American icons in the European mind

Definition of “American icon”

This section focuses on people and objects that represent American modernism. Generally speaking, these famous human beings and well-known objects are called icons since, apart from radiating an aura of uniqueness as well as originality (cf. Wagner 2006: 121.), they sparked public interest in this period and have had a lasting influence on future generations (cf. Czech 2006: 27–28). Thus, they serve as focal points for collective memory or identity at present (cf. ibid.). Even some people in Europe still recognize them as symbols of American modernism.

The medial/public depiction lays the foundation stone for the creation of icons. In this way, a certain image of a biological person or a real object (signifier) is produced and becomes the signified (cf. Volkmann 2006: 94–96). The emanated configuration of signs (cf. ibid. 96) helps turn the signified into an icon, if it captures the atmosphere of a particular period/country and is acknowledged by contemporary societies as well as future generations.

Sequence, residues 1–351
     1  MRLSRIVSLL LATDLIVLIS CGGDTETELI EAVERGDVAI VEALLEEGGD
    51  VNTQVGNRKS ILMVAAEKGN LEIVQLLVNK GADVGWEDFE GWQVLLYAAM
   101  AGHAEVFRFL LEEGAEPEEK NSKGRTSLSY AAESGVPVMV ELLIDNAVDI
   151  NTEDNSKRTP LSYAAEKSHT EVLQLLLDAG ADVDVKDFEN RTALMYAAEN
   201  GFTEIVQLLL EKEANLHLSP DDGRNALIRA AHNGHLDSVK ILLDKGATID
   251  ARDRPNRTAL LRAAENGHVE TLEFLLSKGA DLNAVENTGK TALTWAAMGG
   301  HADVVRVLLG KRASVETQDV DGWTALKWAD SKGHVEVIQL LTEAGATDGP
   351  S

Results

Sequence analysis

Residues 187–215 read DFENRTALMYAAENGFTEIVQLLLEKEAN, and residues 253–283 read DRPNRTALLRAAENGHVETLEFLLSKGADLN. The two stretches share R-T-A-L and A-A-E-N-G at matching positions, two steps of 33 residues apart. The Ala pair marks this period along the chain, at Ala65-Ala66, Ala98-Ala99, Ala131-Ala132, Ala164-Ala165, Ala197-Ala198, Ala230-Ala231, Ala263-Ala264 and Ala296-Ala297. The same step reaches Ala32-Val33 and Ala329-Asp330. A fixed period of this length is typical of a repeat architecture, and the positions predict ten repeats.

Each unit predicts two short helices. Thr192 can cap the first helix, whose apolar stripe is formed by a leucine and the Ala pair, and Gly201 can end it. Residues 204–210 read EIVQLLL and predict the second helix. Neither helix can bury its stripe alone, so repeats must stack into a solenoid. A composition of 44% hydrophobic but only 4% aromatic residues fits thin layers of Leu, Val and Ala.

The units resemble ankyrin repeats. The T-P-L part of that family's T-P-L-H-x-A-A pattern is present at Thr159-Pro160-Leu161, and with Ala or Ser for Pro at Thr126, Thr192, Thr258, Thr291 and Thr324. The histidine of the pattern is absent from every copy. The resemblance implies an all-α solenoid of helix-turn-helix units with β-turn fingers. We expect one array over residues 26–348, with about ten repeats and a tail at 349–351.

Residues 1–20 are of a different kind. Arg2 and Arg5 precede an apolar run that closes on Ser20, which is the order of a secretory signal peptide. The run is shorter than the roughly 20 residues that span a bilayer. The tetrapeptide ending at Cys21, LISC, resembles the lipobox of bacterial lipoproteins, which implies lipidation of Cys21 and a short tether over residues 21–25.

New York City

New York City is one of the most iconic cities in the United States and one of the major global cities of the world due to its important business, financial, trading and cultural organizations, such as Wall Street, United Nations, the Metropolitan Museum of Arts and Broadway theaters with their (in that time innovative) electric lighting. It is regarded as the birthplace of many American cultural movements, including the Harlem Renaissance in literature and abstract expressionism in visual art.

New York City is iconic not only for Americans, but also for many Europeans as the city of melting pot where many ethnic groups live, often in specific neighborhoods, such as Chinatown, Little Italy. In American modernism, New York became the first stop for immigrants seeking a better life. The city’s population boomed, 5 boroughs were formed, the New York City Subway was opened and became a symbol of progress and innovation. The city saw construction of skyscrapers in the skyline.